Tokyo Film Fest: Germany's 'The Bloom of Yesterday' Wins Grand Prix

Courtesy of Toyko International Film Festival
'The Bloom of Yesterday'

The film from Chris Kraus tells the story of a Holocaust researcher who makes unexpected discoveries and sees his life turned upside down.

The Bloom of Yesterday, from German director Chris Kraus (Four Minutes), won the $50,000 Grand Prix at the Tokyo International Film Festival on Thursday. The story of a Holocaust researcher who makes unexpected discoveries and sees his life turned upside down premiered at the fest.

The $20,000 special jury prize went to Sami Blood, a film about prejudice against the Sami indigenous people of the Swedish mountains, directed by Amanda Kernell, which also won best actress and $5,000 for child actor Lene Cecilia Sparrok.

Croatian Hana Jusic won best director for her family drama Quit Staring at My Plate, while Chinese director Mei Feng won best artistic contribution for his black-and-white Mr. No Problem.

Best actor award and $5,000 went to Paolo Ballesteros for his performance as a Filipino transgender woman in Die Beautiful, directed by Jun Robles Lana.

"I thought it was just a red carpet today, so I wore a dress. Anyway, I thought I was up for best actress," said Ballesteros, wearing an evening dress.

Your Name director Makoto Shinkai and Godzilla Resurgence producer Akihiro Yamauchi, representing the biggest box office hits of the year in Japan, were two of the recipients of the Arigato (thank you) Award at the beginning of the closing ceremony. Godzilla made an appearance onstage in the shape of someone in a rubber suit in the fashion of that worn in the original production, released on this day in 1954, of the storied monster franchise.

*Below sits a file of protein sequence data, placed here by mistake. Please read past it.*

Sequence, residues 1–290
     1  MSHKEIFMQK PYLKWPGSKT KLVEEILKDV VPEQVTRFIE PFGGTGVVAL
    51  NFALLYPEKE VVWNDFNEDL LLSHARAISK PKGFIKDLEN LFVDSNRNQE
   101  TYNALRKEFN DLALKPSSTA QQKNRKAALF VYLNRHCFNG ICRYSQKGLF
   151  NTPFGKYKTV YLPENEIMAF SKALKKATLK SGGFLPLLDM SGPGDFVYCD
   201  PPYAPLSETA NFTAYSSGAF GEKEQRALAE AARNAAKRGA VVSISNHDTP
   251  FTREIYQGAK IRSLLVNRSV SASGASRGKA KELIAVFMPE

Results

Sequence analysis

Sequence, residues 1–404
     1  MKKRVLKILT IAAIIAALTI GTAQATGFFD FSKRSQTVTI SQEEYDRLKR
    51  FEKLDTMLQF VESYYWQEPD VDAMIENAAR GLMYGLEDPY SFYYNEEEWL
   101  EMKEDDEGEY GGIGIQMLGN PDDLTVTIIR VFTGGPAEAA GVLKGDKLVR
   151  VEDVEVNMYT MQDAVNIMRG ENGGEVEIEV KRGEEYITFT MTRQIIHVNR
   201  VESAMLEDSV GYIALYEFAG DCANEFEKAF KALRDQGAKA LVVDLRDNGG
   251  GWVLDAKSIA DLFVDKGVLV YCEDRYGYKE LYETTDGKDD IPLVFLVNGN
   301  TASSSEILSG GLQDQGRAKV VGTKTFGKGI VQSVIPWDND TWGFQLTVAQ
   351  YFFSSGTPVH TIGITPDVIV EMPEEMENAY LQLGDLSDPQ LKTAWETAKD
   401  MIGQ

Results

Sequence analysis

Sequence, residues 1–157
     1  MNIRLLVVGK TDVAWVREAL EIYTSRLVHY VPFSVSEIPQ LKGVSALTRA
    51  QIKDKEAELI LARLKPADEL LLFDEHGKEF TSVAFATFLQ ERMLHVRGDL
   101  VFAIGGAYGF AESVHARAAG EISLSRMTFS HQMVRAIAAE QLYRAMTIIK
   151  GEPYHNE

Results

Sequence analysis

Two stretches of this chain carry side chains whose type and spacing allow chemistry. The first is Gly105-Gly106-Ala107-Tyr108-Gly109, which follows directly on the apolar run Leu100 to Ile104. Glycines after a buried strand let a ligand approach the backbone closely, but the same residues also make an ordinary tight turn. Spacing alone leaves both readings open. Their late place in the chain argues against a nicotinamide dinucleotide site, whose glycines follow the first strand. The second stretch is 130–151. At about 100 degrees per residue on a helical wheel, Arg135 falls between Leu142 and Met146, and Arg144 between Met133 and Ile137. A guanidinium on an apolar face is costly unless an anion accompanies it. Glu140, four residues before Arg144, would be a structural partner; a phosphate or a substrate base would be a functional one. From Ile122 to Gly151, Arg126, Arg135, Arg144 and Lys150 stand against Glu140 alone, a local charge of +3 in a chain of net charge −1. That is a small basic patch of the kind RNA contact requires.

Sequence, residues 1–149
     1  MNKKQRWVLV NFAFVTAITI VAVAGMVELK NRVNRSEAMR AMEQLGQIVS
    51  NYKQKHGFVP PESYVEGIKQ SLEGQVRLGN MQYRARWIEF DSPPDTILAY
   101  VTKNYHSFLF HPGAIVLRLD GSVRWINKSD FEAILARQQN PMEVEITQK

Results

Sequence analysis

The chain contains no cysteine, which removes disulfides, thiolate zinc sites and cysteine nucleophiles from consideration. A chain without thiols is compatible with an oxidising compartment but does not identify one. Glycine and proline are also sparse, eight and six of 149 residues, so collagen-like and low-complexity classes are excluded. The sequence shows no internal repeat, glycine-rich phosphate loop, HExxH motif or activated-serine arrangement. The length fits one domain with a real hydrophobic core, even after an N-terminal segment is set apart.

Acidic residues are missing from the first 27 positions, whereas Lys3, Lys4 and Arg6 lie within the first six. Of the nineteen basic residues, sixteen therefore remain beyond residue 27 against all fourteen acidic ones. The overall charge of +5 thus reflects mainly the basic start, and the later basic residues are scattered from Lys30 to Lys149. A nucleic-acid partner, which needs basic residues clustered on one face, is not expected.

The Asian Future award for up-and-coming directors and $10,000 went to Birdshot, directed by Mikhail Red, a thriller about a farmer’s daughter who is investigated for accidentally shooting an endangered Philippine eagle, leading to the discovery of far more serious crimes. Lipstick Under My Burkha, a story of women struggling for freedom in India, the second feature from Alankrita Shrivastava, won the Spirit of Asia Award in the same category.

The Japanese Cinema Splash best picture award for local films went to Poolsideman, collected by an overwhelmed and tearful Hirobumi Watanabe, who wrote, edited, directed and appeared in the film, while his brother Yuji executive produced.

Kiyoshi Kurosawa collected the already announced Samurai Award for himself and on behalf of Martin Scorsese, who sent a video message.
 

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